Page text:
Hand me a list, if you have the time & inclination, please.


The animated Chrisisall

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Thursday, January 28, 2010 9:48 AM

FREMDFIRMA



Gonna post that as new thread here, Chris, rather than further derail this one, although posting outside of RWE does kinda give me the greeblies.

-F

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Thursday, January 28, 2010 7:18 PM

BLUESUNCOMPANYMAN


Quote:

Originally posted by jewelstaitefan:

Since Dark Angel occurs AFTER the Apocalypse aka The Pulse, this would be known as "POST-Apocalypse" for those needing a refresher. Hence it would fit in the post-apocalypse genre.

No. You're wrong.

Quote:


By your logic, Planet of the Apes would not qualify because of the presence of law, society, order.

The ape culture is seperate from the fallen human culture. We live in a time that would be considered post-apocalypse to a T-rex. But this concept is so obvious I'm quite suprised I need to explain it.

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Friday, January 29, 2010 5:19 AM

KWICKO

"We'll know our disinformation program is complete when everything the American public believes is false." -- William Casey, Reagan's presidential campaign manager & CIA Director (from first staff meeting in 1981)


Quote:

Originally posted by bluesuncompanyman:
Quote:

Originally posted by jewelstaitefan:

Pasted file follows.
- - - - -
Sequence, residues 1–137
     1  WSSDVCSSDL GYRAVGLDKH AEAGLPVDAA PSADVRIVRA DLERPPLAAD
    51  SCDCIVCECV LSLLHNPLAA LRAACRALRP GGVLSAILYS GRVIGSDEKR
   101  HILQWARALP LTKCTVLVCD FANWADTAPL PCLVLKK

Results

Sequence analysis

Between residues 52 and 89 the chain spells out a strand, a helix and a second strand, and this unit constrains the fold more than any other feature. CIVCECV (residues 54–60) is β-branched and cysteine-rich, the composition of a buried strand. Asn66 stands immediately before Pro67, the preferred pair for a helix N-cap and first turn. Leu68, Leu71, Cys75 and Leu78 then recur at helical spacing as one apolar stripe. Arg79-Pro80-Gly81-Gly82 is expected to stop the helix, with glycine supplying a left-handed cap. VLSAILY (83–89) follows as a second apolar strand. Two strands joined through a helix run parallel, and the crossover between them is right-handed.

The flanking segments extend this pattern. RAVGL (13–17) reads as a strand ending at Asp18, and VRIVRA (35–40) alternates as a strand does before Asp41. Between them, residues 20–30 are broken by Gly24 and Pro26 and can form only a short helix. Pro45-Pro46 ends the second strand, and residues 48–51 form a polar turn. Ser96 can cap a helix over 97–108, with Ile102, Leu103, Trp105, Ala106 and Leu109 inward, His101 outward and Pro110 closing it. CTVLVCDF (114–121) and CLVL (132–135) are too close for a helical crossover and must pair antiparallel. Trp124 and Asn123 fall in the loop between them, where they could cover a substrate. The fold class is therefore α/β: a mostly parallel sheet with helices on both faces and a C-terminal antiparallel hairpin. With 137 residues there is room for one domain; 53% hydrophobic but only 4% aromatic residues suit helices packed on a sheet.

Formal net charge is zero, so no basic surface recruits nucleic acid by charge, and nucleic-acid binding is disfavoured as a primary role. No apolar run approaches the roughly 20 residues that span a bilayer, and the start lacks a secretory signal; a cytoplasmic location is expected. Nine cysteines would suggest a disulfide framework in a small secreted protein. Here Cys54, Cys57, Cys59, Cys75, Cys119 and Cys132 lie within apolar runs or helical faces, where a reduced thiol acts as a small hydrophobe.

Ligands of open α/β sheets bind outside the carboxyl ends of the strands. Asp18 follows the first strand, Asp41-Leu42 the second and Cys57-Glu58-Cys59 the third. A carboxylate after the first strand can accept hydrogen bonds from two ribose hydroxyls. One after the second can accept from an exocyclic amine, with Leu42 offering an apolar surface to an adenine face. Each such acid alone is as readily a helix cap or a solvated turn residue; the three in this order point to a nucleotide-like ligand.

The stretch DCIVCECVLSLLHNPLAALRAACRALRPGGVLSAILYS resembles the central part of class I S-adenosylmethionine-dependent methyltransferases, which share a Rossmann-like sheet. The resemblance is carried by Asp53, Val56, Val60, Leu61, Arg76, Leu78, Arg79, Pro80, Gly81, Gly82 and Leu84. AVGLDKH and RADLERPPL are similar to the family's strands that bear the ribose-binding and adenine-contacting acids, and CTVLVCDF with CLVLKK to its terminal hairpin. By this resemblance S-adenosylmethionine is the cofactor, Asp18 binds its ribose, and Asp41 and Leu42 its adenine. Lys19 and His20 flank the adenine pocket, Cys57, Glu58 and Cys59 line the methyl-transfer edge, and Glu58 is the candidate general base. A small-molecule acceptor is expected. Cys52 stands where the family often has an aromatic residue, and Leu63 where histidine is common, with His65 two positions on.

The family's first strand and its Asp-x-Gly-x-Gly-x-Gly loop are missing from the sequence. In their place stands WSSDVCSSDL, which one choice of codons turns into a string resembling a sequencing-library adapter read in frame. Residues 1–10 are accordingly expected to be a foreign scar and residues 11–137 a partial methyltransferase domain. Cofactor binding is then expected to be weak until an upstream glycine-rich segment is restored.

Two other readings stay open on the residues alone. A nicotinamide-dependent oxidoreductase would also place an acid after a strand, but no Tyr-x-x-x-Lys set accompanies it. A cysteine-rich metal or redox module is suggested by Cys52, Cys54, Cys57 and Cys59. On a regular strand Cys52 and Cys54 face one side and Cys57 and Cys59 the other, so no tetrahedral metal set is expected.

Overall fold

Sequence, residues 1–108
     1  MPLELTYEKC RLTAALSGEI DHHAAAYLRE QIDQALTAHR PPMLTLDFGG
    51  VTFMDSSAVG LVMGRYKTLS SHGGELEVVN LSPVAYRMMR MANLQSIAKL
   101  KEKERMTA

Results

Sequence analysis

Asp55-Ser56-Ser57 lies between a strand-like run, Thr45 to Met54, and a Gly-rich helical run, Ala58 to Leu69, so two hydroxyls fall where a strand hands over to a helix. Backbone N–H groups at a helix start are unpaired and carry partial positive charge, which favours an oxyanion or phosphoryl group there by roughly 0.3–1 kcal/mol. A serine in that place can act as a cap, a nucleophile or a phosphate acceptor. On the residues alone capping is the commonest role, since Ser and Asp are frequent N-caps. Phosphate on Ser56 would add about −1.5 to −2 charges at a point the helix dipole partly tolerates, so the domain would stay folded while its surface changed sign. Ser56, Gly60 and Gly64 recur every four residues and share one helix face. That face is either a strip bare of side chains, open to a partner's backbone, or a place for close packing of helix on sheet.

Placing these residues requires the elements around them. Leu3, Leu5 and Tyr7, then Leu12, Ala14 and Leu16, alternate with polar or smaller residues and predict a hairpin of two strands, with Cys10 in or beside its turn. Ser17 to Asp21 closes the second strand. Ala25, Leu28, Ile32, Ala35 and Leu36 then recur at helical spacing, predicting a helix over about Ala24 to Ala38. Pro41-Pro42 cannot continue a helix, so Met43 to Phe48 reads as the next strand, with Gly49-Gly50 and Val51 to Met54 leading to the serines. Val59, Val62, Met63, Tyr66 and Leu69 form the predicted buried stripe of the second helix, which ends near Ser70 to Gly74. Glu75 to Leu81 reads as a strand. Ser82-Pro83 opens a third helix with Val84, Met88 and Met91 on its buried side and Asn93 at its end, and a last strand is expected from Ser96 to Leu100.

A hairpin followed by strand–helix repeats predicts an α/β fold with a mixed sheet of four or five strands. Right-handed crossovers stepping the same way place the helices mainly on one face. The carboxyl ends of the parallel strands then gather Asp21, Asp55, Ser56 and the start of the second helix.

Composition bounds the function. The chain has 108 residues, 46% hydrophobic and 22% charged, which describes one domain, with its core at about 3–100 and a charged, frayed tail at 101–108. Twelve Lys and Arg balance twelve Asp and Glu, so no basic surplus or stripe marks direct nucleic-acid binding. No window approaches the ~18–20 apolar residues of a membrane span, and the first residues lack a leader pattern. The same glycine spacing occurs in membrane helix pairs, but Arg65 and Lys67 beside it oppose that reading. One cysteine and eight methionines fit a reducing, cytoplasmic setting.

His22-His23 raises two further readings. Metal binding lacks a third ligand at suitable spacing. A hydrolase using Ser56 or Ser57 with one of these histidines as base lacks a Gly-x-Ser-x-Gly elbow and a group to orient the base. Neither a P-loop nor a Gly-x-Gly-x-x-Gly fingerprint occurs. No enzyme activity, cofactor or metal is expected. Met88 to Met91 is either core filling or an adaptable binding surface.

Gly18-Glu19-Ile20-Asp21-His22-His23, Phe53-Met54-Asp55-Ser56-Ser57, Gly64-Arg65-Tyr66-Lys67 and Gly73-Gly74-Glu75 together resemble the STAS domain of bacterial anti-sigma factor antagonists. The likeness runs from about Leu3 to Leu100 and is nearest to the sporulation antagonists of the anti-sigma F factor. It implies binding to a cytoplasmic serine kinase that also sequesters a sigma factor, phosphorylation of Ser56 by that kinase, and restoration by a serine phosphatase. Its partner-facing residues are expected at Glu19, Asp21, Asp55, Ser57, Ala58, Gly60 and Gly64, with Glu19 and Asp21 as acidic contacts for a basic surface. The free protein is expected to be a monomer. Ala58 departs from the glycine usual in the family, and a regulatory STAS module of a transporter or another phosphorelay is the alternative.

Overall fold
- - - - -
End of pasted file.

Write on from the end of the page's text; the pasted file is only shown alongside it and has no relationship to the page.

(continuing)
Since Dark Angel occurs AFTER the Apocalypse aka The Pulse, this would be known as "POST-Apocalypse" for those needing a refresher. Hence it would fit in the post-apocalypse genre.

No. You're wrong.

Quote:


By your logic, Planet of the Apes would not qualify because of the presence of law, society, order.

The ape culture is seperate from the fallen human culture. We live in a time that would be considered post-apocalypse to a T-rex. But this concept is so obvious I'm quite suprised I need to explain it.




So what's YOUR definition of "apocalypse"? A societal collapse? An enormous loss of life? Is Haiti now "post-apocalypse"?



As an aside, would "Silent Running" be considered post-apocalyptic? After all, we get references to a decimated world in which plants and trees can no longer survive. Sure SOUNDS like hell on Earth...

Mike

Work is the curse of the Drinking Class.
- Oscar Wilde

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Friday, January 29, 2010 7:42 AM

BLUESUNCOMPANYMAN


Quote:

Originally posted by Kwicko:
So what's YOUR definittion of "apocalypse"? A societal collapse? An enormous loss of life?

This conversation was initally about Dark Angel. Since you clearly didn't read it higher in the thread, I shall copy/paste it for you: